On May 15, the Kingston Common Council’s Laws and Rules Committee unanimously passed a resolution to file a $2.5 million Consolidated Funding Application with the state for a mile-long walkway along the Hudson River on the proposed Hudson Landing housing development. Developer AVR Acquisition of Yonkers, which plans to match the grant money for a total possible pot of $5.7 million, has formed a partnership with Town of Ulster and the City of Kingston to make the application.
But there are concerns. Some are worried the emphasis on the riverside path will distract from other efforts, like the Midtown rail trail, and others wonder if the promenade will be a waste of money if the AVR project never comes to fruition.
The river walkway project would include an access road from Route 32 running parallel to the walkway toNorth Street. It would also include parking as well as various amenities, including benches and signs about the site’s industrial history. Soft costs related to a site-plan design would also be covered by the funding.
The Consolidated Funding Application (CFA) process, initiated by Gov. Cuomo last year, is intended to streamline the various sources of economic development money, making it easier for municipalities to apply. According to Mayor Shayne Gallo, $60 million is currently available from the fund, with most of the money coming from the Department of State and Office of Parks, Recreation, and Historic Preservation. After the application is voted on by aldermen at the Common Council’s June meeting, the city will submit the application by the deadline of mid-July, with awards expected to be announced in September.
AVR had originally planned to build the promenade in stages, but laying down the entire walkway at once before a single housing unit is put up would, one could assume, help jump-start sales of the planned units. Starting with a first phase of a few hundred units, ultimately, Hudson Landing is envisioned to hold 1,658 housing units if fully built out, a third of which would be located in the Town of Ulster. If the city gets the grant, construction on the promenade could begin next spring, Gallo said.
Gallo: Public benefit
Gallo said the use of taxpayer dollars was justified, as the walkway would clearly be a public benefit. It would grant access to a long-neglected stretch of riverfront for Kingston and Town of Ulster residents and attract stroll-seeking visitors, which fits in with the state’s making tourism an economic development priority. “It’s an economic benefit in terms of jobs and as a sales-tax multiplier,” he said.
Contrary to the impression of some members of the public who attended Tuesday’s meeting, the grant application does not include sewer and water infrastructure for the development, according to Gallo, Town of Ulster Supervisor James Quigley III and Steve Finkle, the city’s former economic development director who is now working as a consultant to AVR. “This has nothing to do with sewer and water lines,” said Gallo. AVR is still waiting for approval from the state Department of Environmental Conservation to install the sewer lines, he said. The AVR money to match to the grant would be solely for the promenade, he said.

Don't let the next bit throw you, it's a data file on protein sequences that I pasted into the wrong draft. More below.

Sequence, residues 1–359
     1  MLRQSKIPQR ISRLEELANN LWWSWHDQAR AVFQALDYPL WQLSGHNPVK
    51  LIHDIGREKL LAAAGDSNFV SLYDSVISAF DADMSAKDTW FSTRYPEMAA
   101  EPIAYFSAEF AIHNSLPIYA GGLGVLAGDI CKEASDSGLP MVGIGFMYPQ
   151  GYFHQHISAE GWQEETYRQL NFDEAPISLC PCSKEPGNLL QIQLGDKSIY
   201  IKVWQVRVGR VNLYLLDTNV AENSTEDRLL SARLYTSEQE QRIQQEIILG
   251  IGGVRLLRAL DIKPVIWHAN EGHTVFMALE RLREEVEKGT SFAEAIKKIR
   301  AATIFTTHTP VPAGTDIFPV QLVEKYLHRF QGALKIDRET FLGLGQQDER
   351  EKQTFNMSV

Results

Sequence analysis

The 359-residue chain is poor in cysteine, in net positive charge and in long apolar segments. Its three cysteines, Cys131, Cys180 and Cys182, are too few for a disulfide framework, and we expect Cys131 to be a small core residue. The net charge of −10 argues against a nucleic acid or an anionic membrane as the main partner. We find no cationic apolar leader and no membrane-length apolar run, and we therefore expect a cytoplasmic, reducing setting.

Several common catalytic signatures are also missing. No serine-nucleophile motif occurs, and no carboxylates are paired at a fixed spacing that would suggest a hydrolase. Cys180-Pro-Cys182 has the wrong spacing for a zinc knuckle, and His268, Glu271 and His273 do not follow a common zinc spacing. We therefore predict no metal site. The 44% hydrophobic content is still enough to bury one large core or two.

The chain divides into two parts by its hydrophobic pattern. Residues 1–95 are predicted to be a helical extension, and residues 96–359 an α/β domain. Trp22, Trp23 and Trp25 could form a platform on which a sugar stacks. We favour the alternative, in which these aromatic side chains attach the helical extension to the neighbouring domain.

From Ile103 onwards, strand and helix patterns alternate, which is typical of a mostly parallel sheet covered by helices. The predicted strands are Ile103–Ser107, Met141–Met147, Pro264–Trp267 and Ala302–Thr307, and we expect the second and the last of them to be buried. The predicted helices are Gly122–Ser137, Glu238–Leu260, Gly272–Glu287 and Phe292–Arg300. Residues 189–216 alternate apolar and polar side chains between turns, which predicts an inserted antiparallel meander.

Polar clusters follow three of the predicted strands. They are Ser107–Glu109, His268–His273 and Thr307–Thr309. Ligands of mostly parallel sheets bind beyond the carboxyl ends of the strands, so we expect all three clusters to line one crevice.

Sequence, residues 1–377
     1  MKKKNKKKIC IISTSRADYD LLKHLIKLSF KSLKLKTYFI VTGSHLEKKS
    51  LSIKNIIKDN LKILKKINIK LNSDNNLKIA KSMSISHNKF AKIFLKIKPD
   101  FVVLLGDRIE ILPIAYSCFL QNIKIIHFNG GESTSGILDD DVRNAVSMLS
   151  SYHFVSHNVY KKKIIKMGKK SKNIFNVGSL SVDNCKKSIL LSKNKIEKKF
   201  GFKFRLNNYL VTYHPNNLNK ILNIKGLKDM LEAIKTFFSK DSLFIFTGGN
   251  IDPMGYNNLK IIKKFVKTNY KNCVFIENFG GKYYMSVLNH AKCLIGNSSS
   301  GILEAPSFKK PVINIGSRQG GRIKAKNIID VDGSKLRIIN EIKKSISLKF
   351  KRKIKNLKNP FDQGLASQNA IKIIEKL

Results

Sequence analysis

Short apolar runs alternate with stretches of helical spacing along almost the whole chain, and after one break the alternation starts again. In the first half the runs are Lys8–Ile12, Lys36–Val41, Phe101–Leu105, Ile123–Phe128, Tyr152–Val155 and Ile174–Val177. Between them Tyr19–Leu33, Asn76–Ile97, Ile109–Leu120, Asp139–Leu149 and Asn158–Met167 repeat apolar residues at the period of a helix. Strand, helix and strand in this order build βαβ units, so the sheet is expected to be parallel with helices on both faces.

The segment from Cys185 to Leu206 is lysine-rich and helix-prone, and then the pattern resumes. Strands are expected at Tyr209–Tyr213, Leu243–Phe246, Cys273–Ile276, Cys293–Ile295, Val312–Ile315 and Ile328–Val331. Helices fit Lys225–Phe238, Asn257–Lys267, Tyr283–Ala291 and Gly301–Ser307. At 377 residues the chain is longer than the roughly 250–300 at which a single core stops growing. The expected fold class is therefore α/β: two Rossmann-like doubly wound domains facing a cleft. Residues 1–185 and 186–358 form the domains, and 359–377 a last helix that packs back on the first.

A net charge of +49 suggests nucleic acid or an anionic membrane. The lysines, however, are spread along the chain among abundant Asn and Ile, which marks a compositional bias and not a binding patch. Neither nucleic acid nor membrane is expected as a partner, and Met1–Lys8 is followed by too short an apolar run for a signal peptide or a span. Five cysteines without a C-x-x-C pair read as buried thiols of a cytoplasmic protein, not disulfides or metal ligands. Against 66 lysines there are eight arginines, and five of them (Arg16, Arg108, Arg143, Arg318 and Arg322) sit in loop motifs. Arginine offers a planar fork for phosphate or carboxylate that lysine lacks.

Furthermore, the impression among audience members that the only access to the walkway would be from Route 32 is also false, he said. In fact, Gallo said the connection fromNorth Street on the southern end of the AVR land was a key part of his plan to link the various fragments of developed Kingston waterfront into a seamless, two-mile-long path for walkers and bicyclists, which would stretch all the way to Block Park.
Love forAbeel Street, trolleys
A related project is the new curbs, bluestone sidewalks and lighting planned for Abeel Street. The improvements will be implemented in two stages, starting with the eastern portion of the street this year and following up with the western portion to Block Park in 2013.
Another link is the trolley line out to Kingston Point Park, which will be refurbished in November, Gallo said. Yet another link is the mile-and-a-half abandoned rail line, which travels through Midtown from Kingston Hospital down to the Trolley Museum on the Strand. The Kingston Land Trust Rail Trail Committee plans to turn the line into a rail trail; Gallo said an agreement between the Trolley Museum, which leases the rail line from the city, and the city had been reached in which the museum will relinquish its right to use the line for 40 years, freeing it up for restoration as a walkway. The next step is community outreach to build public support among the adjoining neighborhoods, said Gallo, who during his campaign last year touted the trail as vital to Midtown’s growth. The land trust earlier this spring got a grant to help pay for an engineering study.
Land trust Executive Director Rebecca Martin was at the May 15 meeting and said she hoped the funding for the promenade would not come at the expense of funding for the rail trail and other projects that would improve city quality of life. “There are other projects in the city that also need to be funded,” she said. “The CFA grant is an important opportunity for the community. We just want to make sure it’s not exclusively the only project going to the CFA,” she said.
Martin added that she and the land trust supports the city in making decisions that help Kingston succeed. “We’ll always be here to help … we’re supportive of all the things that ultimately benefit the community.”
No conflict, says mayor
Gallo, who attended the Rail Trail Committee’s recent meeting, said the CFA for the promenade “doesn’t compete with funding for the rail trail.” The rail trail has ample funding sources of its own, including private foundations, he said. He said the city also planned to pursue federal funding opportunities for the public-benefit projects at AVR — in essence, to leave no stone unturned in exploring all the possible grant sources that would aid the city.